Playing Primavera Sound Festival, Barcelona, May 26-28

World's End Girlfriend - Les enfants du Paradis (Erased Tapes, from the album Seven idiots)
Beautiful and challenging 7 minute opus from the Japanese composer's new album. Comparisons to Cornelius are inevitable and WEG does skim across genres like a stone over water (pointedly, another track on the album is titled Teen age Ziggy). Amidst various classical and IDM references though, this epic instrumental mainly calls to mind the golden ages of pop music, with Bacharach-like string sweeps and 80's power pop, punch-the-air choruses. There are also cameos straight out of the Hard Rock Café. Nothing but glorious and uplifting pop music, all round.

Free download - http://erasedtapes.com/weg/seven-idiots

Fleet Foxes - Grown ocean (Sub Pop, from the album Helplessness blues)
Among the many comments about beards and vocal harmonies, what is sometimes overlooked about Fleet Foxes is their fine grasp of the dynamics of a pop song - when to rise, when to fall, a timely key change to shift the mood, an instrumental flourish to spice an arrangement. The second track to see the light of day from their upcoming second album showcases all these qualities (the trilling flute is my favourite moment). And it's a tune you'll want to sing along to. Oh yeah, and the vocal harmonies (beards) are irresistible and sound like they've arrived from another time.

Playing The Marquee, Cork, June 26

The Horror The Horror - Believe in magic (Tapete Records)
Don't you just love Swedish bands? On their third album but a new name to me, The Horror The Horror (or THTH as I'm already calling them) seem to distil the spirit of the 1980's. The blurb mentions Style Council and Prefab Sprout, but the absolutely knockout Believe in magic comes across more like Van Halen to me, without the Eddie van Halen guitar solo. Which means a better version, in my book. It's on repeat at my house and is nestling up close to Ariel Pink's Round and round for company. Get into it.

Free d'load:
The Horror The Horror - Believe in Magic by Tapete Records

Equally ace is Wilderness, their new single (and title track of their new album). It has an irresistible "ooh-ooh-ooh" chorus, among other great things. The video features a man dressed as a dancing chicken but is oddly romantic.

Left with Pictures - In time (Organ Grinder Records)
If you're into chamber pop (and I am) you'll want to be checking out this English band's second album. It's a concept-ish album, with 12 songs, each one relating to a different month of the year. So, it opens with Constantly, a bittersweet meditation on the passing of time, driven along by a rolling piano figure and some great banjo playing. The Ides of March sounds strangely like Morrissey (only, if he'd been into The Zombies instead of the New York Dolls). August's Go Simon, Go! brilliantly finds common ground between a barbershop quartet and Thin Lizzy's Dancing in the Moonlight. And the at-odds-textures of bowed saw and jaunty brass on closing song Forgive me perfectly evoke the mixed feelings of an English December. Joining folk and classical music, via English music hall, this album just goes to show how broad a church pop music can be, if you go looking in the right places. And don't you just love it.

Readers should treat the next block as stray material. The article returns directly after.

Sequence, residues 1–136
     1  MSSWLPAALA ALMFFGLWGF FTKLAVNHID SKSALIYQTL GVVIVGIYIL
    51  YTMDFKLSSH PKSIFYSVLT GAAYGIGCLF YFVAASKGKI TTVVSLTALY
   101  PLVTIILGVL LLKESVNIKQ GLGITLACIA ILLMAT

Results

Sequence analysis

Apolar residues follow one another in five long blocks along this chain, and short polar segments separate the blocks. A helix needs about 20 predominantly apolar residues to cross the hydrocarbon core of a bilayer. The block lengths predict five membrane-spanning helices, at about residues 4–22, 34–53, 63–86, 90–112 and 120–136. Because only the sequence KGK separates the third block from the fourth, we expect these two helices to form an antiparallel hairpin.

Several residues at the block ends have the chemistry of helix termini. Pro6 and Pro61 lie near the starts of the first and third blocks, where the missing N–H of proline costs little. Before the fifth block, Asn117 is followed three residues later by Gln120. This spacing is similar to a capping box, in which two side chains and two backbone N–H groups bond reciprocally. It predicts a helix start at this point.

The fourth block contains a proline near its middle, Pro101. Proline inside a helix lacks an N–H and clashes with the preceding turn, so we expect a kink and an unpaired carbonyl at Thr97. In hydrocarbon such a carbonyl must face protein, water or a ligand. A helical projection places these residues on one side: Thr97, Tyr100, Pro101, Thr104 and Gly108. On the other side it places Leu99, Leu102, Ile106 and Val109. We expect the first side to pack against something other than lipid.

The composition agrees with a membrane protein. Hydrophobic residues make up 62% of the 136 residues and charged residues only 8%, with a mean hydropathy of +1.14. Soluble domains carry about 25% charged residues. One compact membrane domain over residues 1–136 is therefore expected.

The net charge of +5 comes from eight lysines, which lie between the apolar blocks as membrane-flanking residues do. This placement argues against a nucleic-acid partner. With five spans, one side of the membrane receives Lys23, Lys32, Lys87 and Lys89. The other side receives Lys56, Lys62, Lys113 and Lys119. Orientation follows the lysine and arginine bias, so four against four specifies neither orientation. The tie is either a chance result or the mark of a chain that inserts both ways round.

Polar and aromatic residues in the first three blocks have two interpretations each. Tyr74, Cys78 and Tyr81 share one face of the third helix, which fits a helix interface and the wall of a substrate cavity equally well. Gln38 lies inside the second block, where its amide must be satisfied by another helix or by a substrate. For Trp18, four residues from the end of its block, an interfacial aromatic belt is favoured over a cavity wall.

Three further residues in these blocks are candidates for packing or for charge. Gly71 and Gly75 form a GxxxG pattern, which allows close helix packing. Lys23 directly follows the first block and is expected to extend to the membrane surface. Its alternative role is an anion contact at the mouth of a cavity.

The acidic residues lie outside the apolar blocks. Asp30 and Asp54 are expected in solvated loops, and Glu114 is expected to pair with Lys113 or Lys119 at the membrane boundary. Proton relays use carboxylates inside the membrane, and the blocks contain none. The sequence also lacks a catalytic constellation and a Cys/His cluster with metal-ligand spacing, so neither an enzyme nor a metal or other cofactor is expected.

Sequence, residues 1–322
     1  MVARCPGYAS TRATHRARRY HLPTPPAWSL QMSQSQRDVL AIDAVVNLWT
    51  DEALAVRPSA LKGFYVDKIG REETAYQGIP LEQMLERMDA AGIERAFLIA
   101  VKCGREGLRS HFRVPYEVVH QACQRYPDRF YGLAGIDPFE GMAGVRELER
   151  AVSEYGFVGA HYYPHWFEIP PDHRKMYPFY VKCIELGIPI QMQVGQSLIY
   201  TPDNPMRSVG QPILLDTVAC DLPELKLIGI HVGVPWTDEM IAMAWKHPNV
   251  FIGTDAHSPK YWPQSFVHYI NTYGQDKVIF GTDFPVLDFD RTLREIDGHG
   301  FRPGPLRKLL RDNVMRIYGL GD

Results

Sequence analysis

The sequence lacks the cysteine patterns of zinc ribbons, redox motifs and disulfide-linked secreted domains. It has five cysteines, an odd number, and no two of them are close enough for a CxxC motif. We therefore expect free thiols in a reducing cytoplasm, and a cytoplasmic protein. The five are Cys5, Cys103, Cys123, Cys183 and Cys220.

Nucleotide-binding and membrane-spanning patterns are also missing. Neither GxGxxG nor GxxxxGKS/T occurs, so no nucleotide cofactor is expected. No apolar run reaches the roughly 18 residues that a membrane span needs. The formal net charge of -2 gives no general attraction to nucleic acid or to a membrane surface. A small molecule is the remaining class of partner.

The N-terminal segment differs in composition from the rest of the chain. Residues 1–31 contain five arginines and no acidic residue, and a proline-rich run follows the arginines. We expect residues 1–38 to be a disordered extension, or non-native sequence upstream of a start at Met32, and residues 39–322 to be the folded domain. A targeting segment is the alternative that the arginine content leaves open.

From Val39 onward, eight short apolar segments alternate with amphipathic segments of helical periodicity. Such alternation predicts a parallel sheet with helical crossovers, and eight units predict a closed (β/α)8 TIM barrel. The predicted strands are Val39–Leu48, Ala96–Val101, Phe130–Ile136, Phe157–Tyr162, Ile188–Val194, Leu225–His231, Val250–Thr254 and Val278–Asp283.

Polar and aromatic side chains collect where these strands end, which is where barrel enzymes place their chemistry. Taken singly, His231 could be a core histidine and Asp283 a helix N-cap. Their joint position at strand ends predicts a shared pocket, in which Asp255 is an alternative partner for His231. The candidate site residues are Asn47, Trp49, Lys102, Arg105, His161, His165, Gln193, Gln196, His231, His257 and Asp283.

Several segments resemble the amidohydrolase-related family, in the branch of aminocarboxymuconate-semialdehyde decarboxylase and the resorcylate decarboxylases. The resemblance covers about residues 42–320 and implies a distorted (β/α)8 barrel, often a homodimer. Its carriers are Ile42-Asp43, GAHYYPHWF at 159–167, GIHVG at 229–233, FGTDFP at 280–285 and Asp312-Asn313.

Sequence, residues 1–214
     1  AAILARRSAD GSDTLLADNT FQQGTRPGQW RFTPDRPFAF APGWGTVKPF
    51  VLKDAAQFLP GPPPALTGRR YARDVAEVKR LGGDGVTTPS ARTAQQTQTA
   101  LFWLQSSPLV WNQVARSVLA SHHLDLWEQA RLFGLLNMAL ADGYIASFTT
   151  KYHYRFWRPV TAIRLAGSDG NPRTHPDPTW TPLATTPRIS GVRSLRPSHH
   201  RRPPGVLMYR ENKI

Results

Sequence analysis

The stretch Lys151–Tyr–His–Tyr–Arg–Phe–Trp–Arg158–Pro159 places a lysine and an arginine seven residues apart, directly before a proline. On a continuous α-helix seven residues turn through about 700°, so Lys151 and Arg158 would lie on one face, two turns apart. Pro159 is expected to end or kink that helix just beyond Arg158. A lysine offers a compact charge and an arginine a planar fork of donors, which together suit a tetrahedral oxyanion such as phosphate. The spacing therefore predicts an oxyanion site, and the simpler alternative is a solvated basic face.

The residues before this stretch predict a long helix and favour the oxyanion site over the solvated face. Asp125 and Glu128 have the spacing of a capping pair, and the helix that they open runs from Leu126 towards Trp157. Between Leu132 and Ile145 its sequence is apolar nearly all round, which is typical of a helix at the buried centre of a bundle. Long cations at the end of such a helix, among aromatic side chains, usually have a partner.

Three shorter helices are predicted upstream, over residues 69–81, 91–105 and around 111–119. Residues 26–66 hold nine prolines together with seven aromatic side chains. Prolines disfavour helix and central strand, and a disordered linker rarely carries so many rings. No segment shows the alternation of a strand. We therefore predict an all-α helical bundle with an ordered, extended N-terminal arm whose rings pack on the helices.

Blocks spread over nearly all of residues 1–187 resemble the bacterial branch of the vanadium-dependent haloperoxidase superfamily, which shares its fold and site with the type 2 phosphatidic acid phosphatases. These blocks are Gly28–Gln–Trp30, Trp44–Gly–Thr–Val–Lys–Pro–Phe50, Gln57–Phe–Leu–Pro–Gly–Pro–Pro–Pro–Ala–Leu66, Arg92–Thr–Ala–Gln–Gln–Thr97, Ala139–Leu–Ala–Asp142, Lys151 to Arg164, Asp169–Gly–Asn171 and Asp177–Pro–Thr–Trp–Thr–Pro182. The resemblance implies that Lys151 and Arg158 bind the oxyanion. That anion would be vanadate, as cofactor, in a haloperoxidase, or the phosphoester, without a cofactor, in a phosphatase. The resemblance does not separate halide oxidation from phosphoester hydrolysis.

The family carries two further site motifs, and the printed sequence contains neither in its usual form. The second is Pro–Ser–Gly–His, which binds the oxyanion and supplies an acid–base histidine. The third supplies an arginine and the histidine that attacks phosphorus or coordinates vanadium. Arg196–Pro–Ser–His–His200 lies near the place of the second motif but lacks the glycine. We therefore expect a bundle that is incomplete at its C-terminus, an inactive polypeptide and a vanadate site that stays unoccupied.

This light -

Damon & Naomi - False beats and true hearts (Broken Horse)
The former bandmates of Dean Wareham in Galaxie 500 are still making a handsome contribution to the canon of dream pop. You only need to hear the plangent beauty of How do I say goodbye, or the English folk revival feel (albeit with a VU-ish electric guitar drone lurking in the shadows) of the gorgeous Shadow boxing. My own fave is What she brings, with its aching slide, creamy psych guitar and vibrating bells. Rich textures are supplied by understated mellotrons and flutes. All in all, a dizzy drift of pleasure through your subconscious. Which is something I recommend.

Chris Marker's "video" for And you are there - http://www.thewire.co.uk/articles/5946/

Connan Mockasin - Forever dolphin love (Full length original) (Because Music, single)